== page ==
The Growth of A Brand Name Company Weight Watchers, Inc. (NYSE:WTW)
In marketing and business circles, the Holy Grail for consumer products is becoming a household name. Apple comes to mind as the 21st century’s best example, with older iconic brands like Coke and Nike in that pantheon as well. For a long time, Weight Watchers, Inc. (WTW) has been a member of that exclusive club-synonymous with dieting for many of the growing legions of increasingly girth-challenged Americans.
Founded in 1961, and backed by some science that showed the company’s weight loss strategy worked, Weight Watchers International grew exponentially, reaping the lion’s share of its revenues by establishing a steadily growing and dedicated membership base who combined following the company’s weight loss approach with regular attendance at Weight Watchers’ self-help meetings. HJ Heinz bought the company in 1978 and after weathering some ups, downs, then more ups, sold it in 1999 to a private equity group for $735 million.
In November 2001, Weight Watchers went public at a price of $24.00 per share, in a 17.4 million share offering. By the end of April, 2011, WTW stock was riding at all-time highs, trading north of $80 per share, despite growing competition from other diet brands, and the pharmaceutical industry’s capital intensive quest to bring additional weight-loss/anti-obesity drugs to market. The formula was pretty simple: calorie reduction, informed by nutritional science, coupled with emotional support-essentially AA meetings for dieters.
For a time the company was able to fight off challenges from a host of competitors, including Jenny Craig, the approval of various drugs that induced weight loss, and a growing glut of free dieting information and techniques on the web. By the beginning of 2016, however, poor performance had driven the stock down to fresh all-time lows. A thinning Weight Watchers user base, which translated into decreasing sales, appeared to be dooming WTW shares to the equity scrap heap.
In fact, looking back two years, the WTW trading chart pattern resembled the flight pattern of a jet hitting a dry air pocket. At the end of 2014 the pilot only briefly regaining control, before hitting a second dry air pocket-translating into a share price collapse from almost $30 each, to a 52-week nadir of $3.67, established on July 7th, 2015.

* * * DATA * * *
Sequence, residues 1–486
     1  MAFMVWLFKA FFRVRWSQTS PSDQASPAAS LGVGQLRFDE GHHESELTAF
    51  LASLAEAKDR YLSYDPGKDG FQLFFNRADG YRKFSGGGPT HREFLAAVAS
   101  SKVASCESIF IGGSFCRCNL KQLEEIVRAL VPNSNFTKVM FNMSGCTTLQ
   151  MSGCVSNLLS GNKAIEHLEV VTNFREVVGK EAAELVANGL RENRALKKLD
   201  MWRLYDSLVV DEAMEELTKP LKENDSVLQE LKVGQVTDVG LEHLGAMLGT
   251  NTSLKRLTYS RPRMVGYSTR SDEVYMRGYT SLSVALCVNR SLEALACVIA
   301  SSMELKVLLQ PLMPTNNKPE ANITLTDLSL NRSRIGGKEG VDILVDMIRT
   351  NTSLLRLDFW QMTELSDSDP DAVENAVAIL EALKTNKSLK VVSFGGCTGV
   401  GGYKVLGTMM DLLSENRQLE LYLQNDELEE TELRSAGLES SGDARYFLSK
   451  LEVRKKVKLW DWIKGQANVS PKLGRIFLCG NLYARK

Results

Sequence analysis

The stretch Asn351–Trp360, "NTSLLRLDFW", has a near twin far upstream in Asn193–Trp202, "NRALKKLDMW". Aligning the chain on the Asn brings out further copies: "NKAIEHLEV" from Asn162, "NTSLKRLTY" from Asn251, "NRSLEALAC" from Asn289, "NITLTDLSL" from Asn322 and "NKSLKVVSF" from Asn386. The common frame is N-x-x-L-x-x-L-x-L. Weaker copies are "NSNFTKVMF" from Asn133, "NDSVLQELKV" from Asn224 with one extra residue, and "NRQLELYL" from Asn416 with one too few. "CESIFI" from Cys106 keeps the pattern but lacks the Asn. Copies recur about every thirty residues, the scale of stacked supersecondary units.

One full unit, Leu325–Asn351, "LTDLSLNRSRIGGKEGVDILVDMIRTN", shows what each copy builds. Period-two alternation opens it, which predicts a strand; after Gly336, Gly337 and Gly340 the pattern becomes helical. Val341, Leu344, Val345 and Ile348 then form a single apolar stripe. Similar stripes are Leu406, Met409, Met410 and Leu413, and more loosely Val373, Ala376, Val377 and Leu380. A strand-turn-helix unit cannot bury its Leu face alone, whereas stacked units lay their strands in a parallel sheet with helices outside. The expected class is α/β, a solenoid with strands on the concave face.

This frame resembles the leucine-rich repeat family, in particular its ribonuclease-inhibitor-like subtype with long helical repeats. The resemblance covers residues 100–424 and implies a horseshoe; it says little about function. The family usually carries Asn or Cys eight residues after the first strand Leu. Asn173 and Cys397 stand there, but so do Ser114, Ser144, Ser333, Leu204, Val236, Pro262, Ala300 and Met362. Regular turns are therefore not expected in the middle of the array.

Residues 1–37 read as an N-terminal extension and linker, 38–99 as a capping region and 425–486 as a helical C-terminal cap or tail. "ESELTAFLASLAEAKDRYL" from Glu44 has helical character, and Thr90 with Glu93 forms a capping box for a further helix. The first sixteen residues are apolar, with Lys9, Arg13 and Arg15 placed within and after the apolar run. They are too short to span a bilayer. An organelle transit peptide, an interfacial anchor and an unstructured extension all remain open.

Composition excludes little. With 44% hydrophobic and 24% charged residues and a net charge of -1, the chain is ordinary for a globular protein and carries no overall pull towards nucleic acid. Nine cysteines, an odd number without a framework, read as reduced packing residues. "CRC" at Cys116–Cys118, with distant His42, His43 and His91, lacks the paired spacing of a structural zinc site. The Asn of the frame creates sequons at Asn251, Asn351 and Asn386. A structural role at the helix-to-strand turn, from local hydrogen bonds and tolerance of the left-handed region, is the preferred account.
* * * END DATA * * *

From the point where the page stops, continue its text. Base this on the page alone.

Oprah to the Rescue
That all changed on October 19th, 2015, when the dimming fortunes of Weight Watchers and its stock received a high-octane energy shake. That’s when Oprah Winfrey-her first name itself already one of the world’s most successful and iconic brands-announced that she was buying 10% of the company. It seemed like a perfect marriage for investors, especially because Oprah is known to have fought her own high profile battles with weight during her extraordinary career.
As you might expect, money poured in to the beaten-down shares of WTW like syrup on the flapjacks that Weight Watchers members should never eat. By the time the dust had settled WTW had risen from near its 52-week lows to a fresh 52-week top of $28.00. One thing that market participants and traders riding the Oprah sugar rush were not prepared for, however, was the company’s Q4 2015 earnings results released February 25th, which weren’t very good. After posting a Q4 2014 profit of $4.4 million, the company surprised with an $11.3 million loss. What’s more, membership continued to slip, falling 4.8% to 2.4 million.
The WTW “miracle” came to a screeching halt, with the stock cratering over 20% to around $13 per share that day. But profit taking from the original move higher, coupled with deplorable winter market conditions, had already knocked WTW’s share price to the mid-$10 range even before the report. From there the stock had been riding improving market sentiment to another nice run-up before that buzz-kill earnings release. Since then the shares have range-traded between $11 and $15, closing Friday at $14.20.
Imminent Catalysts Abound
At the end of last week it was revealed that Oprah’s Weight Watchers related dieting, which has resulted in her shedding 26-pounds, is the cover story in the April issue of O, The Oprah Magazine. According to reports, Winfrey details how successful the Weight Watchers approach has been for her weight loss efforts. In addition, on March 16th, current subscribers to Weight Watchers will be privy to a live, “members only” call-in event hosted by Winfrey.
Perhaps the most noteworthy potential catalyst for WTW’s share price is the significant amount of short interest aligned against the stock. Currently, Yahoo Finance puts short interest at 16.9%. The stock has a fairly modest public float of 27.58 million shares, with strong institutional ownership of almost 52%. All of that amounts to a daily pitched battle between longs and shorts-with shorts trying to defend their positions against efforts by one of the most powerful women in the world to rake in more business for the company they’ve bet against.
Who do you want your money on? A lot of people have bet against Oprah in the past. A lot of people have been wrong.